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Sweet Dealings, Chicago Style : FIRE ON THE PRAIRIE; Chicago's Harold Washington and the Politics of Race, By Gary Rivlin (Henry Holt: $22.50; 662 pp.) : MY CHICAGO, By Jane Byrne (W.W. Norton: $22.95; 375 pp.)

March 01, 1992|Ward Just | Just, who lives in Paris, grew up in Chicago. His latest novel is "The Translator" (Houghton Mifflin)

The burly shadow of Richard J. Daley hangs over these two books, a presence as mocking, potent, threatening and mysterious as Franco's shadow over Spain. There was about both men a stillness and implacability, and a sense of something always held in reserve; but while both men held absolute authority in their domains, Franco had no hesitation about using his, and Daley did. It would be bad for business to close down the newspapers or send dissidents off to Joliet in chains, and the point about the Machine was that it was inclusive; anyone could join. There were dues to be paid and aldermen and committeemen to be voted for and a kickback from time to time, and a necessity that you keep your expectations in check. But--if you're with us, we're with you. And if you're not--tough luck, baby.

What was good for Chicago was good for the Machine, and vice versa; that was the line, and there is some truth to it. It is impossible to understand Chicago then or now without understanding the Machine and that means understanding Da Mare, Daley; and no one seems to, though Mike Royko came as close as anyone in "Boss." There are anecdotes and the usual folklore--can it be true that he had a hundred relatives on the city payroll?--but they all seem to tail off into sentimental ironies and incomplete paradoxes. How did he do it for all those years? At the height of his power the Protestant Republican business community admired Daley no less than the authorities at the Archdiocese or the sleaziest ward heeler; at some of the better think tanks they studied him as though he were Socrates.

Daley's publicists were quick to call Chicago "the city that works," and for a time it seemed to. Tough town, hard and dry and humorous as opposed, say, to Washington, D.C.'s soft and wet and dour. There were a few goo-goo liberals but they were safely aloft on the near North Side and Hyde Park-Kenwood, and every now and then the Machine would throw them a bone and let them run someone like the Adlai Stevensons. And the Machine was happy to do it! Why not? They were loyal, mostly; and liberals always contributed money. The Adlais, pere et fils , were a little hard to figure out sometimes. They didn't seem to want it the way politicians are supposed to want it, the way you want it if you're an Irishman from back of the yards. Everyone knows they think differently in Libertyville but--those civics courses at Princeton must really've been sum'thun. Probably they had never studied the monologues of Ed Kelly, one of Daley's most distinguished predecessors and a seminal municipal philosopher. Ed Kelly said that in Chicago foxes and wolves dined very well, but lambs ended up head down on the hook.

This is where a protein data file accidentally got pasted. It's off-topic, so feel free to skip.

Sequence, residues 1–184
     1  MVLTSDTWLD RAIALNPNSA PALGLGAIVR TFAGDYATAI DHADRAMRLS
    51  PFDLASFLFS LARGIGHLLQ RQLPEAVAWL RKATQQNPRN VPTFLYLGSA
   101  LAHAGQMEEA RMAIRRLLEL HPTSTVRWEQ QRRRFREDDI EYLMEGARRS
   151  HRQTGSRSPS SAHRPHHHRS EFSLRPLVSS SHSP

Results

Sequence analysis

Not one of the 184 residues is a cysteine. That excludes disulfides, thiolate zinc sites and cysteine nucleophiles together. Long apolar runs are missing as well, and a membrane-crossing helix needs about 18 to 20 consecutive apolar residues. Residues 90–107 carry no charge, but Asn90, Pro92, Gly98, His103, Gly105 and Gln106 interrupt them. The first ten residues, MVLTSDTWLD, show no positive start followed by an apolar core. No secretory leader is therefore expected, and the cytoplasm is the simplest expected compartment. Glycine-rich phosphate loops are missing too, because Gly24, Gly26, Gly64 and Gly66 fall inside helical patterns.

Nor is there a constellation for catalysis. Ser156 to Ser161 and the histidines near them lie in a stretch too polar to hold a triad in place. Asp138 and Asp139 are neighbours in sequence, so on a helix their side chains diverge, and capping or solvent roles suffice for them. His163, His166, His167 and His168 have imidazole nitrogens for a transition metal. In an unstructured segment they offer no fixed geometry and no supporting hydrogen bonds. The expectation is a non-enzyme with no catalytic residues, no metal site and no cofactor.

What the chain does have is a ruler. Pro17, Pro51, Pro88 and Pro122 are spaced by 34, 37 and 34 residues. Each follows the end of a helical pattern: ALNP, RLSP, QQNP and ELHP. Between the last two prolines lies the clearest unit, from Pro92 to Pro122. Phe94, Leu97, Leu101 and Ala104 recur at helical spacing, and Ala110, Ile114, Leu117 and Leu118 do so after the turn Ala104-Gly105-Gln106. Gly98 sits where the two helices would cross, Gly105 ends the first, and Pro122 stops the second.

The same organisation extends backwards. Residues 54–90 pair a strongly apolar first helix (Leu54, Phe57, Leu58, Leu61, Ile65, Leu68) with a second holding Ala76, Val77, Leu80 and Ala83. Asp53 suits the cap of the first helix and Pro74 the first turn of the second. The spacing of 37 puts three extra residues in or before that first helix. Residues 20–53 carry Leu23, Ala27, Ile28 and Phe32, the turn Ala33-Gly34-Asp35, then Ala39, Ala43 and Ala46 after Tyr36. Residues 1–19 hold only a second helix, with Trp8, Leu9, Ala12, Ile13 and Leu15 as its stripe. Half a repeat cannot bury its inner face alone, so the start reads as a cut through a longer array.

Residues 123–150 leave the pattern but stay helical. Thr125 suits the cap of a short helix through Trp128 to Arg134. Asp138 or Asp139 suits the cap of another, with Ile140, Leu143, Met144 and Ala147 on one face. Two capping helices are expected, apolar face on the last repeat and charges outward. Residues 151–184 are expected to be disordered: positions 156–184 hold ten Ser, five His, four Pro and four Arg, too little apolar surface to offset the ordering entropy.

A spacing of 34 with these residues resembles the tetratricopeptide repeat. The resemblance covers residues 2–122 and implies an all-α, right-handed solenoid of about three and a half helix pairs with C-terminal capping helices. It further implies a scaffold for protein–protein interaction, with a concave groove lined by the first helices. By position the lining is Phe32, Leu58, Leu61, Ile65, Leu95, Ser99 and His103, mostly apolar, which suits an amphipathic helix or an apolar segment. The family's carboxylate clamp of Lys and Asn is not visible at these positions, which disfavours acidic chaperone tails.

It did work. The city worked and the Machine worked, yet by the evidence of Jane Byrne's memoir and Gary Rivlin's history the city government was little better than a giant racket (according to Rivlin virtually every one of the city's 40,000 employees was connected to one local ward organization or another, and while that is not prima facie evidence of corruption it is not entirely consoling either), the sort of great good place similar to the sour definition of the Ford Foundation--a large body of money surrounded by people who want some. By the evidence of these books, it is astonishing that the garbage got collected and the fires fought and the street lights lit. But they did, more or less.

Of course in any great civic enterprise there are those who do not fit in. Perhaps they do not have talented or cloutful spokesmen; these folks are often neglected. They belong to the wrong parish or have an indolent alderman, or an alderman who sees himself as servant, not master, of the Machine that selected him. So over the years the blacks were kept in line by Congressman William Dawson and his cronies; Dawson & Company had jobs and favors, and while those jobs were rarely at a supervisory level--well, it was work that paid. And then came 1968 and the disastrous convention that fatally damaged Daley's authority; things commenced to sip out of control. The coincident rise of black nationalism was threatening to the white and black establishments alike; and then ordinary blacks began to understand just how far down they were, relative to whites. When Daley died of a stroke in 1976 the Machine was like the tribe that lost its head, though not its rapacity. And very soon everyone in Chicago understood that here were two cities, one white, one black, and that the black part was angrier than anyone imagined.

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